The role of glutathione as a skin-lightening agent was an accidental discovery when skin lightening was noticed as a side effect of large doses of glutathione.As was later discovered, glutathione interferes with melanin synthesis in various ways. Therefore, supplementation with high doses of glutathione might lead to lighter skin tone.
There were three larger, placebo-controlled studies performed on this topic.
One used 2% glutathione lotion applied directly to the skin for 10 weeks, another used 500 mg glutathione capsules daily for 4 weeks, and the last one used 500 mg glutathione lozenge absorbed through cheek mucous membrane daily for 8 weeks.
All three studies reported significantly lighter skin tone in the glutathione group, in skin exposed to the sun as well as in protected skin (e.g. under the arms or on the chest).
Other beneficial effects of glutathione on the skin quality were: increased skin moisture, increased skin evenness and decrease in pore size.
The therapy was generally very well received and tolerated. However, there were some side effects. Glutathione cream caused an erythema of the entire face in one test subject, glutathione capsule caused flatulence in one test subject and glutathione lozenge had complaints from two subjects who dropped out of the study – sour taste, chalky texture and soreness of gums.
From the previous article we know that glutathione taken orally has poor absorption, but it is a good source of the building blocks for your body to create its own glutathione. Buccal application (absorbed through the cheek wall) bypasses the stomach and might yield better results and higher absorption.
However, there is a serious lack of information on how long this skin lightening effect lasts after the test subjects stop taking glutathione supplements. It is entirely possible that the permanent skin lightening requires a continuous use of GSH supplements, which might have some (yet unresearched) serious side effects.
Recently, dermatologists in India and Philippines reported a surge in intravenous glutathione injections used for skin lightening purposes, especially in the population with darker skin tone.
It is still uncertain how safe and effective these injections are for dermatological use – The Food and Drug Administration of Philippines have issued a position paper with a public warning regarding the safety of off-label use of glutathione injection and the adverse drug reactions reported from the use of intravenous glutathione for skin lightening.
Even though parenteral glutathione is approved for severe liver disorders and for prevention of chemotherapy associated neurotoxicity, the lack of statutory laws governing the use of systemic glutathione in most countries has contributed to its unchecked use for skin lightening and the pharmaceutical companies have been praising it as a wonder-drug.
The current clinical evidence of intravenous glutathione for skin lightening is limited to a single study from Pakistan with a dubious study design and insufficient analysis of results, casting doubt on the drug’s efficacy.
Moreover, intravenous glutathione in that study caused multiple side effects – liver dysfunction in 32% (8) patients and anaphylactic shock in 1 patient. The authors of this study themselves admit that their work suffered from multiple limitations, like insufficient facilities and financial reasons.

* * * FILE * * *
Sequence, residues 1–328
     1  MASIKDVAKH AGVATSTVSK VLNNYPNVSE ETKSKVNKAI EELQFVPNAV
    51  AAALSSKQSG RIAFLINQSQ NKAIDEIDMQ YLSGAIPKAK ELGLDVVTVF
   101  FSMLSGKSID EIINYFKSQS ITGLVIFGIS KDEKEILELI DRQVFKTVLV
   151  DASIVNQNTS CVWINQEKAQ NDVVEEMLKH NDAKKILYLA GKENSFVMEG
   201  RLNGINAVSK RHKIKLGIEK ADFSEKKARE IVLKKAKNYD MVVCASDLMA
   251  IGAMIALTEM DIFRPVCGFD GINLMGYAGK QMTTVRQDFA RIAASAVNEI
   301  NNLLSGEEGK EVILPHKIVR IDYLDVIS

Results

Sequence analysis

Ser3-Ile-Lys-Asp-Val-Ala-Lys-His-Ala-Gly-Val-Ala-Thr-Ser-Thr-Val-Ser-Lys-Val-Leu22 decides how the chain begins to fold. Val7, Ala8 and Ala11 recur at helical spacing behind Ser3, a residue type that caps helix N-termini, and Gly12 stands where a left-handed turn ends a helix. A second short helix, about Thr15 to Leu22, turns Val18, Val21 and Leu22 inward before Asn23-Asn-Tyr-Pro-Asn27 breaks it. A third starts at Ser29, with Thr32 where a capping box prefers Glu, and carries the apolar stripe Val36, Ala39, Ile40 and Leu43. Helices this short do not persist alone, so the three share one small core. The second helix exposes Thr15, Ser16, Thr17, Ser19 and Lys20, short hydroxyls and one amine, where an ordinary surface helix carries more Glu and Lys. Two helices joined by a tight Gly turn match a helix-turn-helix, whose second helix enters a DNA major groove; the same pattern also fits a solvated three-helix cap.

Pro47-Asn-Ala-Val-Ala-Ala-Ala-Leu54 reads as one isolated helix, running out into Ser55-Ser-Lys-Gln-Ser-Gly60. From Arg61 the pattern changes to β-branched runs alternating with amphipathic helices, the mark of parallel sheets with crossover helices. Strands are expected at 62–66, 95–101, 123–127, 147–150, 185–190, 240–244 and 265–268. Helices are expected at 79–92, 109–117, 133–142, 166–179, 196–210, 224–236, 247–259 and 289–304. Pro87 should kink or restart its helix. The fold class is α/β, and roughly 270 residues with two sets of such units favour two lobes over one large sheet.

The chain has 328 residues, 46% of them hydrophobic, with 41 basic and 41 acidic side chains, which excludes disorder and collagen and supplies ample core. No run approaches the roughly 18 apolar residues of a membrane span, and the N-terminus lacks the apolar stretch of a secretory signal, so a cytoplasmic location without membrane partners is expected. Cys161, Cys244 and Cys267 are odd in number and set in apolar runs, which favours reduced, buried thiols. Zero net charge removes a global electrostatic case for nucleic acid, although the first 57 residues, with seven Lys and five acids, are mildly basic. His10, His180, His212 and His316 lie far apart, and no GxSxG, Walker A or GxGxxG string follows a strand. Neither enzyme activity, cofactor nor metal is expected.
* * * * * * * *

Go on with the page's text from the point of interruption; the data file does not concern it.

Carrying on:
This is not a reason to completely discard the possibility of using glutathione injections in dermatology, however it is a reason to be very careful.
For now, the oral and topical application of glutathione appears to be the safest and the most effective way to improve various skin pigmentation issues. T
here are various supplements, lotions and scrubs available on the cosmeceutical market, so the availability of these products should not be a problem. You should always make sure that the product you are buying is the highest possible quality and has the glutathione content listed on the packaging.
Glutathione is one of the most important antioxidants and detoxifyers in the skin. Low glutathione levels have been connected to various skin diseases, mainly inflammatory diseases like psoriasis, acne and skin cancer. Glutathione is in the first line of protection against harmful UV light and environmental pollution.
Recently, glutathione supplements have been used to treat skin discoloration issues and to lighten the overall skin tone. Several studies support the use of topical GSH (in creams, lotions and scrubs) and glutathione supplements taken orally or buccally as a safe and effective way to treat skin discoloration.
After some safety concerns in several Asian countries, the use of glutathione injections is not recommended for skin whitening, as there are not yet any good studies regarding the safety and efficacy of this procedure.
- Glutathione and Energy Levels
- Glutathione and Immunity
- Glutathione Benefits for Skin
- Benefits of Glutathione Injections
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Absolvent of the Comenius University in Bratislava, Slovakia, Faculty of Pharmacy. Zuzana holds a PhD. in Pharmacognosy and Botany, during the course of which she worked on two projects studying medicinal plants, their active constituents and their effects on the human body. A trained pharmacist with 3 years experience and a first author of three publications, she is currently working on continuing her study of medicinal plants at University of Vienna, Austria.